This of course caught Dana a little off guard, but she was touched by his sincere excitement at the thought. "Yes TJ! I know! Aren't you excited?"
"Uh-huh! And guess what! It's going to be KATIE!"

"Aw, that's great, TJ!" Dana encouraged him. "You love Katie, don't you."

"Yeah," he smiled his dimply smile and went back to eating his fruit snacks and building his sand castle.

Again and again, I stand in awe as I consider what we've been through as a family the past 2 years, and just witness these day-to-day miracles. Beauty to ashes, the new vessel, eternal perspective... I've tried over and over to put these things into words on the pages of this blog. And every time I fall short of the praise and worship that is due the One who has provided. I guess I'm brought once again to a profoundly simply word. "Hallelujah". A word of praise, thanks, or joy to the Lord. A joyful noise. With every breath, Lord, this will be my song.

Blessed be Your name
When the sun's shining down on me,
And the world's all as it should be.
Blessed be Your name.
And blessed be Your name
On the road marked with suffering.
'Though there's pain in the offering,
Blessed be Your name.
Every blessing You pour out I'll
Turn back to praise.
And when darkness closes in, Lord,
Still I will say,
"Blessed be the name of the Lord!" ...
...You give and take away.
My heart will choose to say,
"Blessed be Your name!"

This was our song through the diagnosis, the surgery, the prognosis, the suffering... It is our song in victory, in awestruck wonder at His provision and blessings... Again I say...


Special thanks to Papa, "Aunt" Lydia, and Heather H for the great photos!!

Thursday, July 23, 2009

Heavenly Anniversary

TJ and I will be spending the weekend with Leslie's mom's extended family in Indiana. The annual "Asch Bash", as it's called. (For those of you who don't know, a freaky part of our family tree... Leslie's mom's maiden name: Aschliman. I know. Crazy. Don't worry. We checked it out when we were dating. It's legit. Completely un-related families. At least on this side of the Atlantic Ocean.) Anyway, I'm not sure how "coincidental" the timing of the annual Bash is this year, but we will all be together on July 26th. Exactly one year after Leslie finally defeated cancer. Exactly one year since those of us left behind lost our Leslie.

The Aschliman's on Leslie's side (well, BOTH sides of Leslie's family, actually), have always been remarkably supportive of us. Since the first time I met them (a typical get-together-- attended by about 60 or 70 cousins, aunts, uncles, and so-on-- consisting of a sausage fry, followed by an afternoon of playing basketball, followed by a family style potluck dinner) I was made to feel like I'd been there forever. From my first Thanksgiving with the Asch's, I felt like I belonged to the family. (We joke it's the Aschliman genes... I fit right in. I was already "one of them".) Through Leslie's sickness, this extended family wrapped their collective arms around us. In the time since, they've been so thoughtful and supportive. They loved Leslie so much, and they miss her dearly. It will be a wonderful and difficult weekend. On so many levels.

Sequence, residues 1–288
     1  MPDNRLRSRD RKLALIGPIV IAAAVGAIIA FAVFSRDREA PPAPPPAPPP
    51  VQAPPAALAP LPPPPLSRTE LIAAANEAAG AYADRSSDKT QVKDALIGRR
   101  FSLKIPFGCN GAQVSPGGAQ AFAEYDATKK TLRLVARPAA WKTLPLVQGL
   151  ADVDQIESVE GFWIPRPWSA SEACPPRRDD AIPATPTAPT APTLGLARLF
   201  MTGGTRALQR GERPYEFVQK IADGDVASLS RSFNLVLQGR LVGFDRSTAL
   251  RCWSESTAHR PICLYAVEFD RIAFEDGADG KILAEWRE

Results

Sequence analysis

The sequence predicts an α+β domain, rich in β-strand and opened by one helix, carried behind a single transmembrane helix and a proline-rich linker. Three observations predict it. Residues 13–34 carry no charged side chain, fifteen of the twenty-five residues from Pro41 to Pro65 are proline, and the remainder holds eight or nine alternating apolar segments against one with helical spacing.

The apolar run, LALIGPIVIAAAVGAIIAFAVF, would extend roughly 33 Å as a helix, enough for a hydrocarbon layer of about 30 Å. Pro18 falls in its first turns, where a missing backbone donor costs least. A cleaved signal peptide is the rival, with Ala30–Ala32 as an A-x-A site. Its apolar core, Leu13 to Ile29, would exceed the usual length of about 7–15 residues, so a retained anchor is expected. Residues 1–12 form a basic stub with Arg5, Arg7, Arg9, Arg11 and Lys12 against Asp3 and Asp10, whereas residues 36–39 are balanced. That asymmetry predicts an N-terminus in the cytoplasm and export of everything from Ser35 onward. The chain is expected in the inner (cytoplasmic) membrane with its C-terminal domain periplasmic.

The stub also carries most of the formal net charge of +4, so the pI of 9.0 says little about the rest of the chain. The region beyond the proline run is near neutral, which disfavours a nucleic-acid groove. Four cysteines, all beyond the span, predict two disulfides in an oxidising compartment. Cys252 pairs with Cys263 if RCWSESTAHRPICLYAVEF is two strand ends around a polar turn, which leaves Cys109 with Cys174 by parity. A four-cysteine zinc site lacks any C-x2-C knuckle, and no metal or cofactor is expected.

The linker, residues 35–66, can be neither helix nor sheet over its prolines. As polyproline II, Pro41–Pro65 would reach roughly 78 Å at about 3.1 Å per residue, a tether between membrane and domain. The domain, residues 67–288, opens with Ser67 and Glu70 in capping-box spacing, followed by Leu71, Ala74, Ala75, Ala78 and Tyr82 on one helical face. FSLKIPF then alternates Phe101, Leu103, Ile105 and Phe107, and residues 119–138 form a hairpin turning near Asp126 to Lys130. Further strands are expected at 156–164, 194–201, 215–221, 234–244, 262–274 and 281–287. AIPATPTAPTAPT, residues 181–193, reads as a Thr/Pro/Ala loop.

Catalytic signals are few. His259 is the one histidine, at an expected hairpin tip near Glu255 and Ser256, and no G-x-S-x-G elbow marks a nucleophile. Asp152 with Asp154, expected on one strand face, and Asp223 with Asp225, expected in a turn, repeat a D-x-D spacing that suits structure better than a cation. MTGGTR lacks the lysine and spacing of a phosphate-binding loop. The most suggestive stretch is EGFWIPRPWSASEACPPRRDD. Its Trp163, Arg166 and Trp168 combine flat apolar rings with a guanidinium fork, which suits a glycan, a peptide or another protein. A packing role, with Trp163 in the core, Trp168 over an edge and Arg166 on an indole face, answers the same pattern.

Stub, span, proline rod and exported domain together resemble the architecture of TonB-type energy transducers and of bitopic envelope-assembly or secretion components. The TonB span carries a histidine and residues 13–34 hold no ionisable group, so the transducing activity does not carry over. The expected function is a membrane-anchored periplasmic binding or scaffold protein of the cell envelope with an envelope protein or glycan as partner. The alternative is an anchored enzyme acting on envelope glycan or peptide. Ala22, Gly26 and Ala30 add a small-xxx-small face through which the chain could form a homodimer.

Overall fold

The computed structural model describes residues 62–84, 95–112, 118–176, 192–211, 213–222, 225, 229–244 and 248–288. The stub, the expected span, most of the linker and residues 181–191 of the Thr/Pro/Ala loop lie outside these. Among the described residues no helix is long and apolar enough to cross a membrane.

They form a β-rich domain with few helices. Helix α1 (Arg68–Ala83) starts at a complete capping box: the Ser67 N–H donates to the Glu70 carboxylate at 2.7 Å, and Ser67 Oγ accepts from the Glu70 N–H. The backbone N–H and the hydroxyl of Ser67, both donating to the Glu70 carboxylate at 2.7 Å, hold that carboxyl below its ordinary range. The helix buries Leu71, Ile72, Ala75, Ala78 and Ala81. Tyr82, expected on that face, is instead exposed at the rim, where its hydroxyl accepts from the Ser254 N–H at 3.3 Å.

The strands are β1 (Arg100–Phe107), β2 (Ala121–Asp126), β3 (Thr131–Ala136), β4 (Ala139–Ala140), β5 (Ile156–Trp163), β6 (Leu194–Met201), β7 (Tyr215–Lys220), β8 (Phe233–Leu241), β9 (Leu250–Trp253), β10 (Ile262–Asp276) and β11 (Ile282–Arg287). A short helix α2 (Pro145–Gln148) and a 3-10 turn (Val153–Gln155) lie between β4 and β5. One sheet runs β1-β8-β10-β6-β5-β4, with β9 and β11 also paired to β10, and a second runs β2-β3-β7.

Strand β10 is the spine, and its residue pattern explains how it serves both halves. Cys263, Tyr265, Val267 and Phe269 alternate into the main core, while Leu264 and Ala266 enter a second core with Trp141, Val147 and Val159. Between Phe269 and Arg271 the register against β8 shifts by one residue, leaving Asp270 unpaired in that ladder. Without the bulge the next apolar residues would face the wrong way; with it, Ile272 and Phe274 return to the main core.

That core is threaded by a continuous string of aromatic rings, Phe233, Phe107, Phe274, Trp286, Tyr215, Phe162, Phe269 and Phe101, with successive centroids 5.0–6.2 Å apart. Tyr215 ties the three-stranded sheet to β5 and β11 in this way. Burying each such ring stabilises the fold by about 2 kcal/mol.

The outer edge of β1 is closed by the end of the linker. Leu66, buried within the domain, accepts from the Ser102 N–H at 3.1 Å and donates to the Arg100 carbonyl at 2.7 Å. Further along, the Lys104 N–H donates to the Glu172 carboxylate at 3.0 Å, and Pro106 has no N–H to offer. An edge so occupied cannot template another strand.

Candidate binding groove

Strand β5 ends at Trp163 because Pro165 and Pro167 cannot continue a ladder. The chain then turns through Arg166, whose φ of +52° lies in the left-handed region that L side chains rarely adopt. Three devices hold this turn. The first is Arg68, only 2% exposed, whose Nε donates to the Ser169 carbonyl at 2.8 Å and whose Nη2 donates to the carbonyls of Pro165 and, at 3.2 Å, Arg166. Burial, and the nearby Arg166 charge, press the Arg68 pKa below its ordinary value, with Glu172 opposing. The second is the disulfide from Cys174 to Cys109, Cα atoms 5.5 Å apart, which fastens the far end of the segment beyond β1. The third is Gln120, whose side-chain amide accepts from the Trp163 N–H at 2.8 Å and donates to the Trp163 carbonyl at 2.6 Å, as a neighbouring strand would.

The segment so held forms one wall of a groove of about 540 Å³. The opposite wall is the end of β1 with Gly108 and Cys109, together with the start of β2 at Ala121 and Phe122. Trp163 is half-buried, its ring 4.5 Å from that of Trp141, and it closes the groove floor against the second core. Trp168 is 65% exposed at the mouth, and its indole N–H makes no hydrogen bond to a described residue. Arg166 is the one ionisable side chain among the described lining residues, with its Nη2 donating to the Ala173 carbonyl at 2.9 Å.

As I prepare my heart and mind for the weekend, I'm getting a lot of notes and hugs from people... "praying for you this week..." and so-on. It seems the expectation is that this should be a remarkably difficult week for TJ and me. I guess it would be all too easy to say that this is just a hard, sad week. But in reality, it's just not that simple.

Leslie's Birthday... now that was a nostalgic day, full of memories and all kinds of feelings. (Thank you to all my blog-ees, by the way, for making that day special with all the laughs, memories, and stories.) Mothers Day was difficult. Our wedding anniversary... THAT was BRUTAL. TJ's birthday found me basically catatonic, on my face in my parents' condo in Florida, soaking the carpet with my tears and snot. "HE'S ONLY THREE!!!" I cried out to God. "YOU TOOK HIS MOMMY!!!"

Yes, there were hard moments, this past year. Hard "firsts". Holidays, memories, relics she left behind, which I'd stumble across while trying to get the house in order... and so-on. But to be honest, this "first"-- the anniversary of the last week of her life and subsequent death-- is not by a far cry the hardest for me. The other "firsts" were representative of a life that was lost-- the part of my life that died with Leslie. Remembering her life-- so well-lived. At Christmas, for instance, I remembered our first Christmas together. TJ's first Christmas. The years of memories and traditions that we were building as a family. At her birthday this year, I mourned the loss of the gift that I and the whole world were blessed with on March 18, 1976... All the memories that would no longer be shared with her... At Mother's Day, it was dealing with the fact that she and TJ would never know the bond I thought, in my feebly human mind, that they should have. THOSE were sad days.